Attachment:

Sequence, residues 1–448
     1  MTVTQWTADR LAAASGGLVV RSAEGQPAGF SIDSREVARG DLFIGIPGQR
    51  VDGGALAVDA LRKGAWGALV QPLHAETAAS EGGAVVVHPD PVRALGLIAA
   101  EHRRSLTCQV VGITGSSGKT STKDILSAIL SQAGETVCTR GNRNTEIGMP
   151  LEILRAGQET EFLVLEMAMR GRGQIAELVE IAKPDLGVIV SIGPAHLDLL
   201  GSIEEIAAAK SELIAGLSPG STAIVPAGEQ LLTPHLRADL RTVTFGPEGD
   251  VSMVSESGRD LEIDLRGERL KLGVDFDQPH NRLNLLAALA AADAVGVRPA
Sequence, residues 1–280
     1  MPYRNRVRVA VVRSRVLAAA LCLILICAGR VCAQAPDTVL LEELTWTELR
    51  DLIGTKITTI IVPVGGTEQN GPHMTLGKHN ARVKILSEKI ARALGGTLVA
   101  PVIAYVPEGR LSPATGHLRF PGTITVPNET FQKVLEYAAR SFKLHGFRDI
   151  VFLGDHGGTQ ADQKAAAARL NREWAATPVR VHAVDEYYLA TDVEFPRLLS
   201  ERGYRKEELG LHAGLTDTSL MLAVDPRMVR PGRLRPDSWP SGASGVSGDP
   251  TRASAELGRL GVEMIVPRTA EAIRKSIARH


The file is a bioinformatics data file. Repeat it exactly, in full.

Sequence, residues 1–448
     1  MTVTQWTADR LAAASGGLVV RSAEGQPAGF SIDSREVARG DLFIGIPGQR
    51  VDGGALAVDA LRKGAWGALV QPLHAETAAS EGGAVVVHPD PVRALGLIAA
   101  EHRRSLTCQV VGITGSSGKT STKDILSAIL SQAGETVCTR GNRNTEIGMP
   151  LEILRAGQET EFLVLEMAMR GRGQIAELVE IAKPDLGVIV SIGPAHLDLL
   201  GSIEEIAAAK SELIAGLSPG STAIVPAGEQ LLTPHLRADL RTVTFGPEGD
   251  VSMVSESGRD LEIDLRGERL KLGVDFDQPH NRLNLLAALA AADAVGVRPA
Sequence, residues 1–280
     1  MPYRNRVRVA VVRSRVLAAA LCLILICAGR VCAQAPDTVL LEELTWTELR
    51  DLIGTKITTI IVPVGGTEQN GPHMTLGKHN ARVKILSEKI ARALGGTLVA
   101  PVIAYVPEGR LSPATGHLRF PGTITVPNET FQKVLEYAAR SFKLHGFRDI
   151  VFLGDHGGTQ ADQKAAAARL NREWAATPVR VHAVDEYYLA TDVEFPRLLS
   201  ERGYRKEELG LHAGLTDTSL MLAVDPRMVR PGRLRPDSWP SGASGVSGDP
   251  TRASAELGRL GVEMIVPRTA EAIRKSIARH